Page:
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Wednesday, 29 January 2014

Bittersweet by Miranda Beverly-Whittlemore

Book Review Rating ♥♥

Mabel Dagmar is a plain teenage girl who is befriended by her beautiful, rich, blue blooded college roommate, Genevra Katherine Winslow who is known by the diminutive Ev for no obvious reason and no reason is ever given. Ev invites Mabel to spend the summer with her in her newly inherited house called Bittersweet at Winloch, an estate owned by Ev’s parents and where all the Winslow family spend their summer.
Mabel begins to realise that there are dark secrets at the heart of the Winslow family and decides to investigate the Winslow past. However, Mabel also harbours a secret which is as dark as any that haunt the Winslow family.
Bittersweet is a competently written novel with the author having a good grasp of characterization, dialogue and plot. However, the novel is 150 pages to long and very bland in its style and substance. The novel’s ‘twists’ that are straightened out eventually are all obvious to anyone who is well read. The secrets are plot twists that have been used too often not only in books but in films especially in recent years. One twist concerns a Van Gogh painting that had the family had the sense to simply recover the back of the painting this particular secret would never have been exposed.
Too often the author struggles for an analogy or simile she hasn’t already utilised and in doing so becomes repetitive. Emotions and feelings wash over the characters too often in the form of water and its many guises; a lake, a river, rain. Allusions are writ large. Mabel’s favourite book is Jane Eyre. She is always attempting to read Paradise Lost.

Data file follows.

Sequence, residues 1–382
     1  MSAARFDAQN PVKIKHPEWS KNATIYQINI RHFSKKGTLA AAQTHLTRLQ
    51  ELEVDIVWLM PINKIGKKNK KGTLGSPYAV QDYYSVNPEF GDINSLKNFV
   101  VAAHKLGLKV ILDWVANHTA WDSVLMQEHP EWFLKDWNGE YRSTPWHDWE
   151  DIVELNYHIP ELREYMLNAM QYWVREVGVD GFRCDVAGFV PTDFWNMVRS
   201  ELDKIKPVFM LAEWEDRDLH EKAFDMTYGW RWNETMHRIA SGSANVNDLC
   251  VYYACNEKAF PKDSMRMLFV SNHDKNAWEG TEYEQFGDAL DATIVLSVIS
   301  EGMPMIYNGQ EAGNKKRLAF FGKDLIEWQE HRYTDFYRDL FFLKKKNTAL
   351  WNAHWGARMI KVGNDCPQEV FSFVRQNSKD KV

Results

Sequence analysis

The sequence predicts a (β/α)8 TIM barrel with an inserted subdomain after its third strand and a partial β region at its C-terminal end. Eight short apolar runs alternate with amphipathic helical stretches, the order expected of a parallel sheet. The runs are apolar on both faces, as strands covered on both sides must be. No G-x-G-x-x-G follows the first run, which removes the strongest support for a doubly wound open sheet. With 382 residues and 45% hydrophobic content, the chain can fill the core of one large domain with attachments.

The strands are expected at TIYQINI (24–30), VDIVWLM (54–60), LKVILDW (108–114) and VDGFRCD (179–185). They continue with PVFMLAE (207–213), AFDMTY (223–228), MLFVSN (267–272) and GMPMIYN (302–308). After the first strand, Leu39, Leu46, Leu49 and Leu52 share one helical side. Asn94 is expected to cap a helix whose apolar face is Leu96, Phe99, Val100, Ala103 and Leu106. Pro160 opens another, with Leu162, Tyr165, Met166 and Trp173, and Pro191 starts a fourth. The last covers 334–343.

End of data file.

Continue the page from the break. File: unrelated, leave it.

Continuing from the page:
Some scenes in the novel border on the ridiculous. Not once but twice Mabel stumbles upon couples having sex and she is also stumbled upon while she is masturbating. A young boy stumbles across his father having sex in the bathroom. The author wishes us to believe that a man in his seventies manages to outrun a fit, athletic twenty something when he pursues him after said twenty something witnesses a heinous act.
As already mentioned the novel is far too long and is in need of a good editor. There are too many scenes that not only slow the pace of the story but are also redundant as they add nothing to the story’s characterization or plotlines.
Despite the above criticisms there is a good novel struggling to get out and hopefully the author will free that particular novel from this 400 page tome.

Advanced copy supplied by NetGalley. 

First Line - Before she loathed me, before she loved me, Generva Katherine Winslow didn't know I existed.

Memorable Line - None

Number of Pages - 400
Profanity - None
Sex Scenes - Yes


  1. Brutal, but sounds like it was well-deserved. I absolutely loved 'Memorable Line - None' - made me laugh out loud for real!

    1. Thanks FictionFan. It is the first time since I started reviewing books that when I finished reading the novel I had not written down a memorable line or two. Not because I had forgotten but nothing merited being referred to as 'memorable'.